How a Neural Correlate Can Function as an Explanation of Consciousness: Evidence from the history of science regarding the likely explanatory value of the NCC approach
A frequent criticism of the neuroscientific approach to consciousness is that its theories describe only 'correlates' or 'analogues' of consciousness, and so fail to address the nature of consciousness itself. Despite its apparent logical simplicity, this criticism in fact relies on some substantive assumptions about the nature and evolution of scientific explanations. In particular, it is usually assumed that, in expressing correlations, neural correlate of consciousness (NCC) theories must fail to capture the causal structure relating brain and mind. Drawing on work in the history and philosophy of science, I argue that this assumption - along with the related claim that even a correct NCC theory would fail to explain consciousness - is grounded in an inadequate conception of the way in which scientific explanations develop. Examination of parallel developments in 20th century biology reveals that, under the right circumstances, seemingly crude correspondences can play an essential role in scientific discovery and can sometimes become central to our everyday understanding of the phenomena in question. A proper understanding of this process clarifies the value of NCC theories and sheds light on the standards by which they should be evaluated. In closing, I describe two specific criteria for evaluating NCC proposals: intertheoretic bridge potential and detailed mapping.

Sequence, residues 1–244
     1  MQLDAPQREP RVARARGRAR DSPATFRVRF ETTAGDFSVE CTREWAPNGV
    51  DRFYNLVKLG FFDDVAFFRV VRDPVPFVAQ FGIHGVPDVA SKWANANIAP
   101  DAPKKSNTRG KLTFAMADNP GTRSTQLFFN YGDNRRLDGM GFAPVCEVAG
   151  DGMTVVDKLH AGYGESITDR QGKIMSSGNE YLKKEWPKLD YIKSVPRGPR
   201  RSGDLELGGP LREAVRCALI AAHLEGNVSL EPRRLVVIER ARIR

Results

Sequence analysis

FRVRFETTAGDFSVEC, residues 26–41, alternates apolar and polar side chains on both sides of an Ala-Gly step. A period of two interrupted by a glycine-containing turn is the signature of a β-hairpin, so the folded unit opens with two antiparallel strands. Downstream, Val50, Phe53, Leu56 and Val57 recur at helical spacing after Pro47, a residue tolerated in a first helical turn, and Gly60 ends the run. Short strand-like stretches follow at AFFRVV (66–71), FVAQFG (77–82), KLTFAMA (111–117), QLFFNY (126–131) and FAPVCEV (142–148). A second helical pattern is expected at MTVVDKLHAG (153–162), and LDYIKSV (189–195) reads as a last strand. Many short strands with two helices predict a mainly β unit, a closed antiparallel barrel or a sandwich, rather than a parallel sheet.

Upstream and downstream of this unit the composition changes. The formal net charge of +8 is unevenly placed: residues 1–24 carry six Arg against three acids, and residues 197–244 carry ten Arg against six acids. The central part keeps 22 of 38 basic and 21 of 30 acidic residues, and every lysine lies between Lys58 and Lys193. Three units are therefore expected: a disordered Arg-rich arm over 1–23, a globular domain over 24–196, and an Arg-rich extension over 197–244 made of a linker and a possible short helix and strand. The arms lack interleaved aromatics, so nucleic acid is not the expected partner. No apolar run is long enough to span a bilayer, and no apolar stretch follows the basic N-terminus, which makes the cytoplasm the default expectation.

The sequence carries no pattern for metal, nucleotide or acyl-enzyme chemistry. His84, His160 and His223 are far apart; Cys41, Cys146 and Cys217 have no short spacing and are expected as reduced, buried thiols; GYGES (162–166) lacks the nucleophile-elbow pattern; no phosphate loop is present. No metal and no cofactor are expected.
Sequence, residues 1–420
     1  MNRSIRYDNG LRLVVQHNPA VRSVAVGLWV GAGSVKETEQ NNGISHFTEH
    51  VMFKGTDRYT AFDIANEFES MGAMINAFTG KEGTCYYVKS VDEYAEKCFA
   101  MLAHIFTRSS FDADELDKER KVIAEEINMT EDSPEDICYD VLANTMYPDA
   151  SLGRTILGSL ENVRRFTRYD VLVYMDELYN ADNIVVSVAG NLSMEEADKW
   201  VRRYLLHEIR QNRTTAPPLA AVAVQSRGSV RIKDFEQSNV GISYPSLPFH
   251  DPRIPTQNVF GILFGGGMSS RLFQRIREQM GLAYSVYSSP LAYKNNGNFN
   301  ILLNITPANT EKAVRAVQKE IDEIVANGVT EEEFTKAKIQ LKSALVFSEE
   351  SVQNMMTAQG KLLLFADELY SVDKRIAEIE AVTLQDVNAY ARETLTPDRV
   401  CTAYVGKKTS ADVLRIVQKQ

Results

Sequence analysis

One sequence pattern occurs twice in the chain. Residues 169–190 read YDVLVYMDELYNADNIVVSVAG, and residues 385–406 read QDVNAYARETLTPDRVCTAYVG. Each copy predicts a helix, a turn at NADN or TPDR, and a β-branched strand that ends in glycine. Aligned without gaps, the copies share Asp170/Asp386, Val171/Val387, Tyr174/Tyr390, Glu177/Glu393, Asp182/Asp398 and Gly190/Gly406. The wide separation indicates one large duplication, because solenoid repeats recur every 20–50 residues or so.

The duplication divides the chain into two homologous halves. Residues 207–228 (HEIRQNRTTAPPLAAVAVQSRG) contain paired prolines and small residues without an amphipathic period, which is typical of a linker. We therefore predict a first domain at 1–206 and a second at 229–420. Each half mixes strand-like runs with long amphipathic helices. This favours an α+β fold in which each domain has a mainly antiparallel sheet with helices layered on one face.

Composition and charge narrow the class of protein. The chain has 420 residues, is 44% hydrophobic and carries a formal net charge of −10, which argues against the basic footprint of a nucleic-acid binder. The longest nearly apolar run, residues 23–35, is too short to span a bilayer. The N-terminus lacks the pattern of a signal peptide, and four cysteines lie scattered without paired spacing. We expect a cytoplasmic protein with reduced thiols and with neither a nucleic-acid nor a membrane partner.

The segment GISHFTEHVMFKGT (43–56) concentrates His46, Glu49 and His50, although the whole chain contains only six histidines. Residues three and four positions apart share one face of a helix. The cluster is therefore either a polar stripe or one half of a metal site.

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Document Type: Research Article
Publication date: January 1, 2005